SPRINGFIELD — Members of Equality Illinois gathered in Springfield on Wednesday for the first in-person LGBTQ+ advocacy day since 2019, even as other states are moving to limit access to gender-affirming care and education.
Illinois, sometimes called a “blue island,” stands in stark contrast to nearby states with conservative-majority legislatures. In neighboring Missouri, for instance, the American Civil Liberties Union is tracking more than 48 bills that it says target the LGBTQ community.
Republican lawmakers in states across the country have sought to ban gender-affirming care for minors; restrictions have gone into effect in eight states this year alone. Other measures have included efforts to bar transgender athletes from youth sports and limit how teachers can communicate about gender identity and sexual orientation.
“I am gay, I’m trans, so every chance I get I want to advocate for myself and my peers and my family and my future children,” Lennon Kelly, a 14-year-old Decatur resident, told Lee Enterprises. “We’re people too, we’re not just this problem, and this is not a new thing.
“The things you do, the things you say, it hurts us. I need people to understand that.”
Opponents of gender-affirming care argue that research is limited and raise concerns about the effect of long-term treatments on teenagers. But advocates maintain the question is one of fundamental human rights — and, many say, a matter of life and death.
“Human rights, just the basic right to exist as myself should not be a political issue,” said Aydin Tariq, a 15-year-old from Mattoon. ”I shouldn’t have to look on the news and see the people my area elected into power arguing and debating whether or not I should have the right to exist as who I am.”
While Illinois has generally embraced legislative attempts to protect LGBTQ+ rights, advocates say there is room for additional steps. Among the measures supported Wednesday was House Bill 1286, sponsored by Rep. Katie Stuart, D-Edwardsville, and Sen. Celina Villanueva, D-Chicago. The measure would allow businesses to include all-gender multiple occupancy bathrooms in their establishments if they want.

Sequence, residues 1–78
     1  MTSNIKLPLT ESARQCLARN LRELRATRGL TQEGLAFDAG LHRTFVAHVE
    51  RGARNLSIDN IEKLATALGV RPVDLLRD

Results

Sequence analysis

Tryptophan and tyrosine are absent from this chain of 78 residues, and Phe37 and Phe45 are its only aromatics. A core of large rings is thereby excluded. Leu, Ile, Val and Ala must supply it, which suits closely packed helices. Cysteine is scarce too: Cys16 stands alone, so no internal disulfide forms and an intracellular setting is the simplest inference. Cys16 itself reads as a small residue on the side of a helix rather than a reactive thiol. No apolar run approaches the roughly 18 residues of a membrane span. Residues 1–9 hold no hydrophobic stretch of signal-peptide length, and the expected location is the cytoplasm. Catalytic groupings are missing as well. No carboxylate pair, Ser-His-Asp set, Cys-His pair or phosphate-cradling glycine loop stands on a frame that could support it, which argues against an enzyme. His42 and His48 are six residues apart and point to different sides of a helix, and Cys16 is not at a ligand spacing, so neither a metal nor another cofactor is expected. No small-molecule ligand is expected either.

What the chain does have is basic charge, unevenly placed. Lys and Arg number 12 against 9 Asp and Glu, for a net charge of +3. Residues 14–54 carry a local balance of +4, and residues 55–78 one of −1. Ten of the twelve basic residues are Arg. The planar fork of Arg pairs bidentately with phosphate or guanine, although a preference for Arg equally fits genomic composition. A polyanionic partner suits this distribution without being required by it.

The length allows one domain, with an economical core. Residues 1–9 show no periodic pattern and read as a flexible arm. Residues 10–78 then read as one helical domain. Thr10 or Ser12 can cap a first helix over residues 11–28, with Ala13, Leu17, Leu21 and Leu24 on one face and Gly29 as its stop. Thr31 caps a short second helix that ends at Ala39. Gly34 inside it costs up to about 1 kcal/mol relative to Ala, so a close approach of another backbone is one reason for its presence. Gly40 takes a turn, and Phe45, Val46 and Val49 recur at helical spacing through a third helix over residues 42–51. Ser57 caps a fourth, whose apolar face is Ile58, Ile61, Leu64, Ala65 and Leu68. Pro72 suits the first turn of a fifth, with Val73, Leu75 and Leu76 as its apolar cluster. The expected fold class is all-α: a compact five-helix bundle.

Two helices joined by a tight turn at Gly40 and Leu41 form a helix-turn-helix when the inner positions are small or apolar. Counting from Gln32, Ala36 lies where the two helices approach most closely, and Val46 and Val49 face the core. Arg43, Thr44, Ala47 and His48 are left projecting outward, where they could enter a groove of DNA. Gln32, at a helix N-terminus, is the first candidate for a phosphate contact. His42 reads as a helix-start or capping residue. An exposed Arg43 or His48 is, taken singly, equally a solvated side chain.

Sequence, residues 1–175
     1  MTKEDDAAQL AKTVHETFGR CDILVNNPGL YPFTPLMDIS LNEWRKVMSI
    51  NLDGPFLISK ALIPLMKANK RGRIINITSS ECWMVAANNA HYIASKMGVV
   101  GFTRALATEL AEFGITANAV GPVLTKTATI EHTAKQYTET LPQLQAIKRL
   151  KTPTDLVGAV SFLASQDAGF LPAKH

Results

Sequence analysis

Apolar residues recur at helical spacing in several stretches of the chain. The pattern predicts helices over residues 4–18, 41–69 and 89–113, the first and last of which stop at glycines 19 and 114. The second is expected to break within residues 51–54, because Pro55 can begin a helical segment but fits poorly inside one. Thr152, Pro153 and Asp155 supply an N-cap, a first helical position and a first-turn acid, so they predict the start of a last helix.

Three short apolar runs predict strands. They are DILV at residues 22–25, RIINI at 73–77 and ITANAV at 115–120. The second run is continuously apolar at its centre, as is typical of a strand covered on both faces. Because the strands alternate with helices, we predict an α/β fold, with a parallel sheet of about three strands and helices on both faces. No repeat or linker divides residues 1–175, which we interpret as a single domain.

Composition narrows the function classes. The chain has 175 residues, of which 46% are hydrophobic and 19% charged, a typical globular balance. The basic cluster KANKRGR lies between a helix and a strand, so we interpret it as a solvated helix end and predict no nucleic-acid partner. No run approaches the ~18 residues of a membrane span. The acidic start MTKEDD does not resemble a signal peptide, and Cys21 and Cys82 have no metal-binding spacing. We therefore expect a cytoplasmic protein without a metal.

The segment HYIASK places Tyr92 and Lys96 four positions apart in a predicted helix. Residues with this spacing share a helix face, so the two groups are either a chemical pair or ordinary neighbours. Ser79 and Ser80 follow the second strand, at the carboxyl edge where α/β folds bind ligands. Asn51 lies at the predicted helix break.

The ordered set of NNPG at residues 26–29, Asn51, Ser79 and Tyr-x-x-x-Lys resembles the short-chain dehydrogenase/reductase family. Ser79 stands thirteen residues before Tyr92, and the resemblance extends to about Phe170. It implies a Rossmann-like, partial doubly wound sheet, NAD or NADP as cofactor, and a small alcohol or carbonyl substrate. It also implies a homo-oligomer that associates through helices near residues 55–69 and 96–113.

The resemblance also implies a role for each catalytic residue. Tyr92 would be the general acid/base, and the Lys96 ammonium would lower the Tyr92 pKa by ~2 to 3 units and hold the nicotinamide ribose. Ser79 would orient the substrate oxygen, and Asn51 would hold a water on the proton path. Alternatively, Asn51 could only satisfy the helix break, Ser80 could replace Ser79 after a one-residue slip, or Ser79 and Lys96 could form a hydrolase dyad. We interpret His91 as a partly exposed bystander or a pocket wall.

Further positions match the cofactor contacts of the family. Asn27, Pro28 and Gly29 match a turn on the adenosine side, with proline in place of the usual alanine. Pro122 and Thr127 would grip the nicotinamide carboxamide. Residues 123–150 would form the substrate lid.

“Multiple occupancy, all-gender restrooms are very important because they offer options for our transgender and non-binary community,” said Dave Bentlin, president of the Prairie Pride Coalition in Bloomington, in an interview.
Bentlin said the legislation could also help other marginalized groups, such as those with disabilities, because it would make bathrooms easier to access. He stressed, however, that the measure is not a mandate on businesses.
The bill passed from House and was scheduled for a Senate committee hearing later Wednesday.
“I’m really proud to be able to sort of be able to champion a lot of their issues,” said Rep. Sharon Chung, D-Bloomington, referring to the LGBTQ+ community. “I know that they’re also excited to come talk to me about them knowing that they’ll have a friendly face and a really strong voice for their issues.”
Other legislation discussed was Senate Bill 2427, of which Sen. Ram Villivalam, D-Chicago, is the chief sponsor, and House Bill 2280, sponsored by Rep. Dagmara Avelar, D-Bolingbrook.
The bills would require medical professionals to take cultural competency training as part of their continuing education requirements.
“As a physician, we are in a highly changing, high-technology field and we’re constantly having to be educated in our field, in our specialty and other requirements,” said Rep. Bill Hauter, a Morton Republican who is a certified anesthesiologist and emergency medical doctor. “I think there is a true benefit to being culturally competent, and other issues with equity and diversity. They’re all important, but as physicians we need to be able to be in-charge of our own continuing medical education.”
Both medical competency bills are waiting to pass from their respective committees.
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April 26, 2023 at 06:29PM